Causes Of Bruxism
Although exact cause of bruxism is unknown, one research study links it with such factors as stress, sleep apnea, snoring, fatigue, alcohol consumption, anxiety, cigarette smoking, and caffeine. Sleep apnea may also be related to sleep bruxism, and evidence suggests that treating sleep apnea can help lessen sleep bruxism.
It is recognized that bruxism rarely happens alone. Scientists have consistently found that bruxism is found more often in those individuals who have an existing sleep disorder such as snoring, breathing pauses while sleeping and Obstructive Sleep Apnea (OSA). Other sleep disorders such as sleep talking, sleep paralysis, violent movements, hallucinations are also more commonly reported by patients who grind their teeth individuals. It is important to note that OSA is the highest risk factor as it is associated with an arousal response. During a sleep apnea event there is an obstruction of the airway and oxygen levels drop. When oxygen levels get critically low the brain arouses the body from sleep. The brain send out signals to the body to awaken and clear the obstruction. The jaw moves and thrashes around trying to open the airway. The conclusion of the apnea event is often accompanied by a variety of mouth phenomena such as snoring, mumbling, gasps for air, and tooth grinding.
The New Red Flag for Sleep Apnea: Bruxism
Grinding is the new warning signal for obstructive sleep apnea. For patients that grind their teeth, it is important to have a sleep study to rule out obstructive sleep apnea.
Obstructive Sleep Apnea is a common disorder in which you have one or more pauses in breathing or shallow breaths while you sleep. Breathing pauses can last from a few seconds to minutes. These pauses can occur 30 times or more an hour. Typically, normal breathing then starts again, sometimes with a loud snort or choking sound. Having episodes of interrupted breathing during the night and missing out on all the health benefits of deep stage sleep. Plus, during while your body tried to open the airway during an sleep arousal patients can grind and damage their teeth.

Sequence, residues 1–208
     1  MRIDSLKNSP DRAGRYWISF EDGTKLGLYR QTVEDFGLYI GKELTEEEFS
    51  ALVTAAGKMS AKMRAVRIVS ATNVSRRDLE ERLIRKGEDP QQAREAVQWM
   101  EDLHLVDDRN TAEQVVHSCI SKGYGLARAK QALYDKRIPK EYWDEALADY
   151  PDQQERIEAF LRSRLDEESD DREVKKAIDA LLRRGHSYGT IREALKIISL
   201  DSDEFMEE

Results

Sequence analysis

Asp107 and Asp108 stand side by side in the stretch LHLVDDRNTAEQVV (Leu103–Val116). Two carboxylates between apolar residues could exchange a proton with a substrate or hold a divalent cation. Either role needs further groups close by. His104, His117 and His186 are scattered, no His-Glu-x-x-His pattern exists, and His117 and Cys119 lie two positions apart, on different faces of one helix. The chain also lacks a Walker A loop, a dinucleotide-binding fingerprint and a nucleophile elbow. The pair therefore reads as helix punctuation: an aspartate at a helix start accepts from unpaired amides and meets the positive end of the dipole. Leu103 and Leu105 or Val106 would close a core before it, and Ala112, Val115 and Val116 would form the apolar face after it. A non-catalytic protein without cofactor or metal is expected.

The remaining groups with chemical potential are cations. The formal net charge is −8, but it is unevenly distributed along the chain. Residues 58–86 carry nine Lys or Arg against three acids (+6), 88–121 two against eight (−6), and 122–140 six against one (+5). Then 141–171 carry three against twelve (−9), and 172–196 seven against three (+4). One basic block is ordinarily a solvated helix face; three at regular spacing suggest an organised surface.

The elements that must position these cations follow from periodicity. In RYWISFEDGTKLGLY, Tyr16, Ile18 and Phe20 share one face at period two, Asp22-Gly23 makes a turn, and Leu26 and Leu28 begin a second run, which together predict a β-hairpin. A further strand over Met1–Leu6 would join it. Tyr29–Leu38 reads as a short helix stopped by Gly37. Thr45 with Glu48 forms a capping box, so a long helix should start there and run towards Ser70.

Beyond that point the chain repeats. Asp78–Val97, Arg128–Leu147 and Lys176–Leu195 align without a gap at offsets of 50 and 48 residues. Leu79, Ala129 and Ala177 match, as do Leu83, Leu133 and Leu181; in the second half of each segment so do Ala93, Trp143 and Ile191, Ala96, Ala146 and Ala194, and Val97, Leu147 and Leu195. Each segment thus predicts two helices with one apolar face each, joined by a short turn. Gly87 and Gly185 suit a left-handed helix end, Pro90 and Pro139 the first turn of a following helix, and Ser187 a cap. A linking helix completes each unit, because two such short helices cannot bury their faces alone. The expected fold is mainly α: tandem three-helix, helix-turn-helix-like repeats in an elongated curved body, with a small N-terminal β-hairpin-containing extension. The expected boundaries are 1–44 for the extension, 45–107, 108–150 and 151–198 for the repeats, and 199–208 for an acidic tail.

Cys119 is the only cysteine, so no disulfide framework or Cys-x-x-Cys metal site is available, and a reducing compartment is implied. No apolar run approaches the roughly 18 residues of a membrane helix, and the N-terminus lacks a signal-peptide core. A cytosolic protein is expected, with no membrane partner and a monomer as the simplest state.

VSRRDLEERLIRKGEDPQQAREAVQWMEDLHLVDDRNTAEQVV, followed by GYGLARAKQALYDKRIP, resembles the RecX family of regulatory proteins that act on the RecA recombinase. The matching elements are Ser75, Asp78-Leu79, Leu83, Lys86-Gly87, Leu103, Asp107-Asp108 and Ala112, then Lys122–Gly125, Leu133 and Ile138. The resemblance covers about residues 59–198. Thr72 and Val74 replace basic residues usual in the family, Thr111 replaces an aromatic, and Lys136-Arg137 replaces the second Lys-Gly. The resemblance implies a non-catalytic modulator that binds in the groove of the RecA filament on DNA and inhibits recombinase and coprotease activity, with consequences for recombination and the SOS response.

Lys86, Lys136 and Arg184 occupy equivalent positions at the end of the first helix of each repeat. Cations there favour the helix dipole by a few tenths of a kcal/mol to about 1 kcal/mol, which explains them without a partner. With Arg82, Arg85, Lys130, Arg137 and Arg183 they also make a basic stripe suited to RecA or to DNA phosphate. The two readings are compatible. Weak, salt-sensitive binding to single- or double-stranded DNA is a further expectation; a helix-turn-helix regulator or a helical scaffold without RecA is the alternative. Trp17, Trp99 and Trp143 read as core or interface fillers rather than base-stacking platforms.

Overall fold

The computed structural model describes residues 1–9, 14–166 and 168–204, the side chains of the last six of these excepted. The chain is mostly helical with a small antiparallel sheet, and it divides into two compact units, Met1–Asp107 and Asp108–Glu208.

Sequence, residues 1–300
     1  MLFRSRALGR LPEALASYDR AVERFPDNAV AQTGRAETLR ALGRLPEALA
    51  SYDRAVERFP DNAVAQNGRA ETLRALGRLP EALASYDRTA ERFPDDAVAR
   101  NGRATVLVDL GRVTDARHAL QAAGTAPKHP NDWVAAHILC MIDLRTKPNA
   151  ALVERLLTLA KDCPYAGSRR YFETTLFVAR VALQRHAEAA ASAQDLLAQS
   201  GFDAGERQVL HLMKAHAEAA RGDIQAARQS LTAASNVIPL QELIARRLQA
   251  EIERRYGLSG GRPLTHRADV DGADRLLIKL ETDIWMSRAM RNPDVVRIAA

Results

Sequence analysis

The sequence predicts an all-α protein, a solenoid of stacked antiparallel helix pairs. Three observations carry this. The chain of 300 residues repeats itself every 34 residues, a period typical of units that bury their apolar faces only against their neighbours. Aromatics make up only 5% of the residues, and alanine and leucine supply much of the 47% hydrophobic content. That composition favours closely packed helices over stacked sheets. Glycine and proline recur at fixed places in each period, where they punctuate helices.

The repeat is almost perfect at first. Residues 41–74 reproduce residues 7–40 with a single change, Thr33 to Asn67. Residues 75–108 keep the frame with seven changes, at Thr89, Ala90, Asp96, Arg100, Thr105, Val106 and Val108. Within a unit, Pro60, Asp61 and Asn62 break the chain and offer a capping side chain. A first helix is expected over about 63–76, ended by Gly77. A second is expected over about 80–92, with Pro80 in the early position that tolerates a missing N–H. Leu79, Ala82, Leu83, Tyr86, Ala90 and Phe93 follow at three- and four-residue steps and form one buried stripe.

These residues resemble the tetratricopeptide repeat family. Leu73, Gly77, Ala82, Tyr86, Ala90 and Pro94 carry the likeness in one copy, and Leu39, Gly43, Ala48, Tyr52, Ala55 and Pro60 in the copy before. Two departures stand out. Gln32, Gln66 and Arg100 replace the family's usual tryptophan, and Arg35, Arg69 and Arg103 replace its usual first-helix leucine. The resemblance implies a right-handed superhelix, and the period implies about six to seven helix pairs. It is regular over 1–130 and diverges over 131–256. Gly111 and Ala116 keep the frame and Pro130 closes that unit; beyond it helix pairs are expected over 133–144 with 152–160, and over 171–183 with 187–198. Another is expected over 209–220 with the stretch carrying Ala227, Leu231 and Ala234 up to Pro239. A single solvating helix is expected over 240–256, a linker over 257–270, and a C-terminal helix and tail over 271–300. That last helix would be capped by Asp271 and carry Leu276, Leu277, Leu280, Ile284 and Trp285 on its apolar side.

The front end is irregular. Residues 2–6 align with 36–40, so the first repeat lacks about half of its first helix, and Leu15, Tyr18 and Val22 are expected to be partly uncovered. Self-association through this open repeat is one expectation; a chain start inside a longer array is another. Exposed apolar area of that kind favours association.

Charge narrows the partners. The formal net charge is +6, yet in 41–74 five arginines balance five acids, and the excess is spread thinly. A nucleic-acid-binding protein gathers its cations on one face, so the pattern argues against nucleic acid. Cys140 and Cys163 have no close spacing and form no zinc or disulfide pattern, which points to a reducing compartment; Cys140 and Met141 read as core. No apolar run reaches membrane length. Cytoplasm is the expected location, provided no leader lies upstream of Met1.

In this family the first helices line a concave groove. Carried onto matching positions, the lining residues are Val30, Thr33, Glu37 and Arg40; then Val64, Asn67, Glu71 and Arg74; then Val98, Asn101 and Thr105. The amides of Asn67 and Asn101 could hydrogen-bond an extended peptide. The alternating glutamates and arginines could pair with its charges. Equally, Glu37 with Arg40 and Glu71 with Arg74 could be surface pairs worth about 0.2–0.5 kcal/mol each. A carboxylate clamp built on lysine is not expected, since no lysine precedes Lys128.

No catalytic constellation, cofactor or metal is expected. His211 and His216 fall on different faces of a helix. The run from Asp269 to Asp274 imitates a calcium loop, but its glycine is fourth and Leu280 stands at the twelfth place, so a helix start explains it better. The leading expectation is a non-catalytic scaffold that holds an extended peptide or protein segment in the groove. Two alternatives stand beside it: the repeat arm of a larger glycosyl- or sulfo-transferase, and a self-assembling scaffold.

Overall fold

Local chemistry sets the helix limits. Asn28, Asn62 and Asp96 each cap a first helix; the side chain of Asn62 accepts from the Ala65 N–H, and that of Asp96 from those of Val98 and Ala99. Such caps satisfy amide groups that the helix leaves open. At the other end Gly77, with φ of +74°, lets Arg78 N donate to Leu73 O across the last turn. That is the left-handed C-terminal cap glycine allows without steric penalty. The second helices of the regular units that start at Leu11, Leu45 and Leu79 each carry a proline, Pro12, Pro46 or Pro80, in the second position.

Even if you’re otherwise healthy, sleep apnea is known to significantly increase your risk of high blood pressure, stroke, cancer, diabetes, depression, and obesity.
If you are grinding your teeth, you should be concerned about:
- Protecting your teeth from the massive forces of grinding. These destructive forces can cause teeth to break, wear down to nubs, crack, become sensitive, cause pain. Plus, grinding can cause gum recession.
- That you may have sleep apnea and should look into getting tested for this potentially life-threatening condition.
Other Bruxism Causes: Lifestyle Choices
Certain lifestyle choices can raise your chances of suffering from bruxism. These include:
- high intake of alcohol
- smoking large amounts of tobacco
- taking recreational drugs
What to Do If You Grind Your Teeth
Talk to our office. We can set up the home sleep study so we can confirm or deny the existence of obstructive sleep apnea.
- If you have sleep apena, we can make a mandibular advancement device to open the air way and help prevent sleep apena. Furthermore, this devise will protect your teeth from the catastrophic effects of grinding.
- If you don’t have sleep apnea we can make a simple night guard to protect your teeth.
If you have a night guard and have never been tested for sleep apnea, know that night guard could be making your sleep apnea worse.